|Publication number||US5879773 A|
|Application number||US 08/971,740|
|Publication date||Mar 9, 1999|
|Filing date||Nov 17, 1997|
|Priority date||Nov 17, 1997|
|Also published as||EP0917139A2, EP0917139A3|
|Publication number||08971740, 971740, US 5879773 A, US 5879773A, US-A-5879773, US5879773 A, US5879773A|
|Inventors||Tukaram K. Hatwar, Pranab K. Raychaudhuri, Yuan-Sheng Tyan|
|Original Assignee||Eastman Kodak Company|
|Export Citation||BiBTeX, EndNote, RefMan|
|Patent Citations (2), Referenced by (15), Classifications (21), Legal Events (5)|
|External Links: USPTO, USPTO Assignment, Espacenet|
The present invention is related to commonly assigned U.S. patent application Ser. No. 08/971,969 filed concurrently herewith entitled "Recordable Optical Disks With Metallic Interlayer" to Hatwar et al. now allowed. The disclosure of this related application is incorporated herein by reference.
The present invention relates to optical disks with improved recording stability.
Optical disks are becoming more and more prevalent for the use of recording information. One form of optical recording disks is called a CD-R or a recordable compact disk. The Photo CD is an example of this CD-R media. Typically, this type of disk has a transparent substrate, a recording layer formed on a substrate, and a reflective layer on the recording layer. The recording layer is essentially a photo absorption material made of mixture of some organic dye materials and is formed by spin coating. The recording materials used for CD-R applications have been described in U.S. Pat. Nos. 4,940,618; 5,604,004; 5,294,471; European Patent Application 0353393; and Canadian Patent 2,005,520. Commercial useful materials of the type described in these references have stringent requirements. One of these requirement is light stability. Since the Photo CD is a consumer product, it must be capable of withstanding extreme environment. The stability of the disk mainly depends on the nature of the recording layer and the reflector layer and their mutual interaction; and the protective overcoat. The above applications disclose phthalocyanine dye, metallized formazan dye and cyanine dye having excellent light stability. The reflecting layer is usually selected to be gold or a gold alloy because of its nobleness and high reflectivity. The CD-R specifications require that it has a high reflectivity of more than 60% similar to the compact disks.
During recording, writing laser light passes through the plastic substrate and is focused on the dye recording layer which is heated to change the dye material to form a mark. In other recording materials, recording pits are formed. The reflectivity of a mark is lower than in those areas not having the mark. Marks are formed as a change in the optical properties of the recording layer. In any event, the combination of some or all of these changes forms marks which can then be read back by the focused read laser beam. The record thus consists of marks of relatively low reflectivity on a background of relatively high reflectivity in relation to the read beam.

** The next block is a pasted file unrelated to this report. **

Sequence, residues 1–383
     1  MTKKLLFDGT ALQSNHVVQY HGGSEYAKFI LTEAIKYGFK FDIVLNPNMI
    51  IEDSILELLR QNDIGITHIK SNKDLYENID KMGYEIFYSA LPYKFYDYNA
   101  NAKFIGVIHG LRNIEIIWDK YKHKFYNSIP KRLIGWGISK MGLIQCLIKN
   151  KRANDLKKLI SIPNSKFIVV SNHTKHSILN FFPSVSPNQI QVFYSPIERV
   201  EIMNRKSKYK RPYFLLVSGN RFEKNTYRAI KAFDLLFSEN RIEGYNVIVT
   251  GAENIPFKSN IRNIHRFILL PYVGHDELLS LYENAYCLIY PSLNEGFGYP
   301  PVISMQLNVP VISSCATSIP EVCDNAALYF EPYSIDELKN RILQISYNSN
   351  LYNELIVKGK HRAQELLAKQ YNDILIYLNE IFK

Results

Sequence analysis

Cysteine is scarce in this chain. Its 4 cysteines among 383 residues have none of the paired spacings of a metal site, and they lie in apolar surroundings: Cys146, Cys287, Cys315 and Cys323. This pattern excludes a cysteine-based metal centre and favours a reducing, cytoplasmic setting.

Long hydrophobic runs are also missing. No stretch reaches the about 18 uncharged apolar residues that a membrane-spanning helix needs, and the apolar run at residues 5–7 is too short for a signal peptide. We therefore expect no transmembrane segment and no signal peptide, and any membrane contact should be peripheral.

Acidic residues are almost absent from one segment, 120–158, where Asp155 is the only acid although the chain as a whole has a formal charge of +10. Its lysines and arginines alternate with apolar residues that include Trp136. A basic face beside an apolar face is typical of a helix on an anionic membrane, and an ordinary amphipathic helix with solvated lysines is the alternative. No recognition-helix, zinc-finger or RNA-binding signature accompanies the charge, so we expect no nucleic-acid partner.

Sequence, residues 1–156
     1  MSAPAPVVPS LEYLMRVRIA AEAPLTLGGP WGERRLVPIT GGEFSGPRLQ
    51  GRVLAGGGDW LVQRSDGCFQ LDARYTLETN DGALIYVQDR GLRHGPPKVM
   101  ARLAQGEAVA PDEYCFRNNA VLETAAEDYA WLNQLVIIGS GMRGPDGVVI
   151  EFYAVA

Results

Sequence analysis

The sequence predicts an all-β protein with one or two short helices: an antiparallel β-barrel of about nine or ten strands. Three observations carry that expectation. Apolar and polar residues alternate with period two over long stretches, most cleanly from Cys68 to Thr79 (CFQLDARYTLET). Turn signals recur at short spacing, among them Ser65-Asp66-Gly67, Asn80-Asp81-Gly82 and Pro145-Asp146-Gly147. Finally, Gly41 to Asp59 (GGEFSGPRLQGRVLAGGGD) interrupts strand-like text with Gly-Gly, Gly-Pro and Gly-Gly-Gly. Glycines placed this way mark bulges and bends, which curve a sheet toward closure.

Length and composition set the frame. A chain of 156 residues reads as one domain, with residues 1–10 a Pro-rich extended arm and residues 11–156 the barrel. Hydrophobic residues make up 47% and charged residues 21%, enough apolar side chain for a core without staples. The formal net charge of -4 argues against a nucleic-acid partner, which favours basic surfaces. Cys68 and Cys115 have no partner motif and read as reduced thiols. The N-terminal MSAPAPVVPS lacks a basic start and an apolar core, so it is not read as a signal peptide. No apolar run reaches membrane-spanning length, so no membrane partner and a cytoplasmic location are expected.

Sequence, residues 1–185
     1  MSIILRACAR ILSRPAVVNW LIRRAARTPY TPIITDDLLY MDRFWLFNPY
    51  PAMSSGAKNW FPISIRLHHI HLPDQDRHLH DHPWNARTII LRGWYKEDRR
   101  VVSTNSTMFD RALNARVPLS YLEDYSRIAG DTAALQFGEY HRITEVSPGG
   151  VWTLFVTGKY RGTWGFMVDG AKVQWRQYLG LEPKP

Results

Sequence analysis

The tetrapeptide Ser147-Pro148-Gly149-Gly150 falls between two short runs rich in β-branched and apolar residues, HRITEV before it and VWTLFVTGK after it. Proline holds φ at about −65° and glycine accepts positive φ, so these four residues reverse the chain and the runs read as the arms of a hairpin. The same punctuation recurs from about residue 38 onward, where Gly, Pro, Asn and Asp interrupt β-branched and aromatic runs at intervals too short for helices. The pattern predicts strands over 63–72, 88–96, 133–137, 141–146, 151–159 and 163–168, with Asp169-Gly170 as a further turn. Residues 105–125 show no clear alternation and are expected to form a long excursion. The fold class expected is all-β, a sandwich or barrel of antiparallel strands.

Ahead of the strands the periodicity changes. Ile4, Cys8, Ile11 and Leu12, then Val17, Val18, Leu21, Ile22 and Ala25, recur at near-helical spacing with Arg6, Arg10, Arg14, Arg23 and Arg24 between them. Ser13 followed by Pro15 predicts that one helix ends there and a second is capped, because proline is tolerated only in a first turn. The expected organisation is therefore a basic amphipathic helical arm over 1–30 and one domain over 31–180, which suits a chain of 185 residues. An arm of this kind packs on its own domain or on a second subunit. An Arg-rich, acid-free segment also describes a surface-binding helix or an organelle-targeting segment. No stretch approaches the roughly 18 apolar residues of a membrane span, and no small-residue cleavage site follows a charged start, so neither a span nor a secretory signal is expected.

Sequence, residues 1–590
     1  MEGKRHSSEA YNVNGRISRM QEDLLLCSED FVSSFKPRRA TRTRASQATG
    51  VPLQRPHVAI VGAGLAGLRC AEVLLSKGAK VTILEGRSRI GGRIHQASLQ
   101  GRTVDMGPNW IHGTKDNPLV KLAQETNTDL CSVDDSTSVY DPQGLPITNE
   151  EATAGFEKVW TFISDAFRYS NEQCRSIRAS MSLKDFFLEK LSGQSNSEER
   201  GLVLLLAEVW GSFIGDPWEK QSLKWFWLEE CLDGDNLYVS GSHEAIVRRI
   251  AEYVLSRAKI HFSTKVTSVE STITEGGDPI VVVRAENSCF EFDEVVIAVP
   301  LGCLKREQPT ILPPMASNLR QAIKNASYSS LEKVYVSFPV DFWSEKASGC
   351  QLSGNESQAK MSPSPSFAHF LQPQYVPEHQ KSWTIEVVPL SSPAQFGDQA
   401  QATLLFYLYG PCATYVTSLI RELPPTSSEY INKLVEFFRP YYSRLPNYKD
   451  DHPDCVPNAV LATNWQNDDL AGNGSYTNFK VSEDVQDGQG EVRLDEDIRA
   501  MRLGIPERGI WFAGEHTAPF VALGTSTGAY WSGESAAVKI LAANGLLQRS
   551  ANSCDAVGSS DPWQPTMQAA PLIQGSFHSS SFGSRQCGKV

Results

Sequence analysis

Thin layer of gold is normally used as a main reflection material in the reflective layer. It is a noble metal with a very high stability and does not introduce problems into the recording stability. When other metals which have a high reflectivity such as aluminum, silver and copper are used instead of gold, they have a problem in that they are reactive and can form oxides or other corrosive layers. The recording stability of these types of disks varies over time and degrades. However, materials such as silver are much less expensive than gold, and it would be highly desirable to use them. In fact, silver has about 5-7% higher reflectivity than gold.
It is an object of the present invention to provide an optical disk which uses a metallic reflective layer other than gold and meet the CD specifications.
These objects are achieved by a recordable optical disk comprising:
a) a transparent substrate;
b) a recording layer formed over the substrate;
c) a reflective layer formed over the recording layer; and
d) a thin dielectric interlayer formed on the recording layer at the interface between the reflective layer and the recording layer wherein the thin dielectric interlayer includes materials selected from the group consisting of Ge--C--H, Si--N and InSnSb--O, the interlayer being selected so as to improve the optical disk recording stability without significantly affecting the reflection of a recording light beam passing through the substrate and the recording layer and which is reflected by the reflective layer.
It has been found, quite unexpectedly, that use of a thin dielectric interlayer at the interface between reflecting and recording layers can be selected so that other materials than gold such as silver can be used as a highly effective reflective layer.
Silver metal is relatively very inexpensive than gold and the disk can be manufactured at a substantially reduced cost.
Thin dielectric layers are substantially transparent, chemically stable and do not react with the silver metal. These interlayers form an effective barrier between the recording layer and the reflector layer without significantly affecting the reflectivity and other performance of the disk.